How to Beat "Writer's Block"
Dean Wesley Smith’s website is a treasure trove for writers — he’s got two or three books about the publishing industry going up there, he constantly puts up free fiction, and has his fingers on the pulse of both indy and trad publishing.
If you head over there, though, make sure you read the comments. The veins of pure gold are down in comments – Dean’s offhand comments are often mini-writing workshops, full of hard-earned wisdom about the writing process.
For example, check out this nugget of wisdom about so called writer’s block:
Michele, writer’s block is a myth, but project block sure exists. It’s often when you write yourself down a path and somehow your conscious brain gets a handhold and veers you in a direction. Then your writing brain, your subconscious says, “Nope.” And you just grind to a halt. Or, sometimes your subconscious just hasn’t figured out the next line yet. Which is why I often sleep in the middle of a story. When I wake up I can type again. (grin)
One big aspect of project block is not trusting your subconscious. This comes from the conscious/critical mind’s driving need to know where the story is going. As long as you just trust that the story is going somewhere and type, this aspect stays silent. But when you find yourself NEEDING to know where the story is going and not knowing, like a junky needing a fix, more than likely the project will stop cold.
Switch projects and go again. No such thing as writer’s block. But project block for many reasons is real.
YES. This, a thousand times.
I first learned this from my writing buddy Charlene Teglia — we were chatting about working on multiple projects, and she emerged with a similar gem, that you can have different projects at different stages, and when you are stuck on one, move to another.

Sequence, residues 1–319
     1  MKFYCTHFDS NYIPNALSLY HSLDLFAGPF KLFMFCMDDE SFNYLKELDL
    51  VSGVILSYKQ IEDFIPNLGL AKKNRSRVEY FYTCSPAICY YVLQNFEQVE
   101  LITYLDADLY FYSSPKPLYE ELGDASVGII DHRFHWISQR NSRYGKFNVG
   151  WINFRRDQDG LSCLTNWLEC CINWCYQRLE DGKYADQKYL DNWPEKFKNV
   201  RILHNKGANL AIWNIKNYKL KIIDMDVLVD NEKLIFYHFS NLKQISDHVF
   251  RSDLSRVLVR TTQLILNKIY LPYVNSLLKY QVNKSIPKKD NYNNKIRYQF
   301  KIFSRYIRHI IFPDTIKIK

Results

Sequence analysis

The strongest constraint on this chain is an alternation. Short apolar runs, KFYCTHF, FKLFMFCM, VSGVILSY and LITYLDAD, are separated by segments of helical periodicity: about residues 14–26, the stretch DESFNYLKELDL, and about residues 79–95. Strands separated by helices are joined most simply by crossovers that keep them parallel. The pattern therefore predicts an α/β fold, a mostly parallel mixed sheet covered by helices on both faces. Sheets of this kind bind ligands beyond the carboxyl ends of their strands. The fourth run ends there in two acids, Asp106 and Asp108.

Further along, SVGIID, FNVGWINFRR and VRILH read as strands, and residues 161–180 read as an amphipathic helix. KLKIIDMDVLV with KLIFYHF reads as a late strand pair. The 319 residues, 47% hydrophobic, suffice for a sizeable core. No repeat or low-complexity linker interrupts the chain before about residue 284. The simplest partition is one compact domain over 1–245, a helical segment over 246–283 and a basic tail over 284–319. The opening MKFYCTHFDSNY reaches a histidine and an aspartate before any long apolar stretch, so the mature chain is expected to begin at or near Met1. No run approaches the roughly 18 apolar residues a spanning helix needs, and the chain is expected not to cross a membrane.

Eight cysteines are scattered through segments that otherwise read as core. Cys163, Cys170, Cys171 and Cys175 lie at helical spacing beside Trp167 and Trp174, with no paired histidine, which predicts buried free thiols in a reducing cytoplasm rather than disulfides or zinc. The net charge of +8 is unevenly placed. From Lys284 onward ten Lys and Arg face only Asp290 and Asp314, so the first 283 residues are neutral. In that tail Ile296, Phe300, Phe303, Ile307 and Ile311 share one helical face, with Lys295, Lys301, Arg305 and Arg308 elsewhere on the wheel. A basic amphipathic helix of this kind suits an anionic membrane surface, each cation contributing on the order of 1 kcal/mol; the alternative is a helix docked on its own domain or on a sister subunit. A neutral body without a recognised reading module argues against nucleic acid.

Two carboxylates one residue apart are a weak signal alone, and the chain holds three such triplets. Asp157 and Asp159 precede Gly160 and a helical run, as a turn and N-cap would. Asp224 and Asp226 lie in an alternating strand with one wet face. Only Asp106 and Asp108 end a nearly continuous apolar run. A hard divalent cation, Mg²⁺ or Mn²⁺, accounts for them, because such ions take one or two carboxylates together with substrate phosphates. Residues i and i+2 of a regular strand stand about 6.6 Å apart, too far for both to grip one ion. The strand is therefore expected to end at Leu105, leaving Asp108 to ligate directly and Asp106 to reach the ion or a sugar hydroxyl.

And the mighty Kevin J. Anderson says something very similar as well:
Each writing project has many phases: research, plotting, writing the first draft, doing the rough edit, polishing the final edit, copyediting, proofreading, and the marketing and business. Since some of these tasks are more onerous than others, I keep several different projects on the creative burner at all times at different stages. Personally, I love the creative explosion of plotting the story from scratch and writing the first draft, but the first major edit or the last proofread both seem like a lot of drudgery to me.
However, if I have several novels or stories at different stages of completion, I can switch from one process to another, while charging along at full-steam. The variety also makes the tedious parts more palatable. I can research a new novel for an hour, then write a draft chapter of a different story, then proofread galleys of another novel, answer questions in an interview for yet another novel, then maybe go back to tweak an outline, or do some more research.
So there you have it…a writing secret it took me years to understand and start to implement. The best part about this job is that you never ever stop learning.